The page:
“They don’t need to be here,” he said.

Corrosion a possible factor

The U.S. Department of Transportation’s Pipeline and Hazardous Materials Safety Administration regulates the transportation of hazardous materials, including via pipelines.

Following an inspection of the burst pipeline, the agency issued a “notice of proposed safety order” on Dec. 28. While a more in-depth report is in the works, preliminary findings showed that a protective coating had separated from the pipe, which may have allowed corrosion.

The pipeline, which crosses the Anthony Drain, was exposed to air and water. A split measuring 22 to 24 inches occurred lengthwise in the pipe, according to the agency’s proposed order.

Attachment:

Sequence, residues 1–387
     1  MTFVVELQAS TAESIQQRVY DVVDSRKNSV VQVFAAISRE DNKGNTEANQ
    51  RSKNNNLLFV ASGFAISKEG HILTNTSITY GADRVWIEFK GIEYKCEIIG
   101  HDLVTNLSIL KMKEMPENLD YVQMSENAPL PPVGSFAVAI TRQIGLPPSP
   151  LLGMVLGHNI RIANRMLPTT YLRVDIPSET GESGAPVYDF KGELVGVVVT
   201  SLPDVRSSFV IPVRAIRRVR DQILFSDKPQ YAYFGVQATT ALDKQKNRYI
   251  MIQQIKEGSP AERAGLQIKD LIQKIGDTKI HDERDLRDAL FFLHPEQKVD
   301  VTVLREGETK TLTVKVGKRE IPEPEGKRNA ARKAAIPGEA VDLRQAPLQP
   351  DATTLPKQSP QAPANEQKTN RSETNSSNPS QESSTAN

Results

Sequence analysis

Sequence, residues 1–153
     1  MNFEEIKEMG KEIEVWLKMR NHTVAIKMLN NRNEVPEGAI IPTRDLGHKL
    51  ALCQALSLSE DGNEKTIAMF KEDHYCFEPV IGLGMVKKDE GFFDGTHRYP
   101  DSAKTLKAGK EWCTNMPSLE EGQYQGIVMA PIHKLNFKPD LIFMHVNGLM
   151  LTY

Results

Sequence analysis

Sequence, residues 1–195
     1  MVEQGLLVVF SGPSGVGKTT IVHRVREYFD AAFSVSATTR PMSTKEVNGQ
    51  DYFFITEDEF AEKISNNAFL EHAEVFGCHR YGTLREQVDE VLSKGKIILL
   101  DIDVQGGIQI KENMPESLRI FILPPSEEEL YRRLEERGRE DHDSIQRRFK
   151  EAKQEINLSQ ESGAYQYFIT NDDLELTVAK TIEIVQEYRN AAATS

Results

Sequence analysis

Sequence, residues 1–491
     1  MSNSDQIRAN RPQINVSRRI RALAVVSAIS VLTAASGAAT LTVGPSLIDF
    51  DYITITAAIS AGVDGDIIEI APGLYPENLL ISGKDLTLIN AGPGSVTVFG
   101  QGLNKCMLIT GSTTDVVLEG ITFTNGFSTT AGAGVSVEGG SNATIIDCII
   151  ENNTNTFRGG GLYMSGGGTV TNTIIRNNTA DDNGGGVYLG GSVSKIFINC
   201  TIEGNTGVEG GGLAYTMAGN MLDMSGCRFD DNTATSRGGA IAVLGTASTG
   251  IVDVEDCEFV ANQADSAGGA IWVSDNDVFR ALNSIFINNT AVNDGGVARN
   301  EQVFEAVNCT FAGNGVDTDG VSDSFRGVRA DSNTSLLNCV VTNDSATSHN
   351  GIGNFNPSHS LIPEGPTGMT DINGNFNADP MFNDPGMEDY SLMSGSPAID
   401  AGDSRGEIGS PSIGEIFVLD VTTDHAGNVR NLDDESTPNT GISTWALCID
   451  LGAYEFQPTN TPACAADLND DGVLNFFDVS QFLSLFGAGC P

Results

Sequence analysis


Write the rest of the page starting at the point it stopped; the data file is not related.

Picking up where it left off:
“The split appeared to be concurrent with an area of general corrosion and the failure edges exhibited areas of pipe-wall thinning,” the report states.

The proposed safety order requires Kinder Morgan to carry out an in-depth review of what led to the failure and to undertake other steps, such as examining the entire pipeline for other places in which the protective coating may have come loose.

State environment department officials deferred questions about the cause of the gas spill to federal officials.

Company to address county

Kinder Morgan didn’t attend the county commission meeting Tuesday. But county management said the company is slated to present to commissioners during their regular meeting in two weeks.

Some commissioners said they want to know about the risk of future pipeline breaks throughout the county.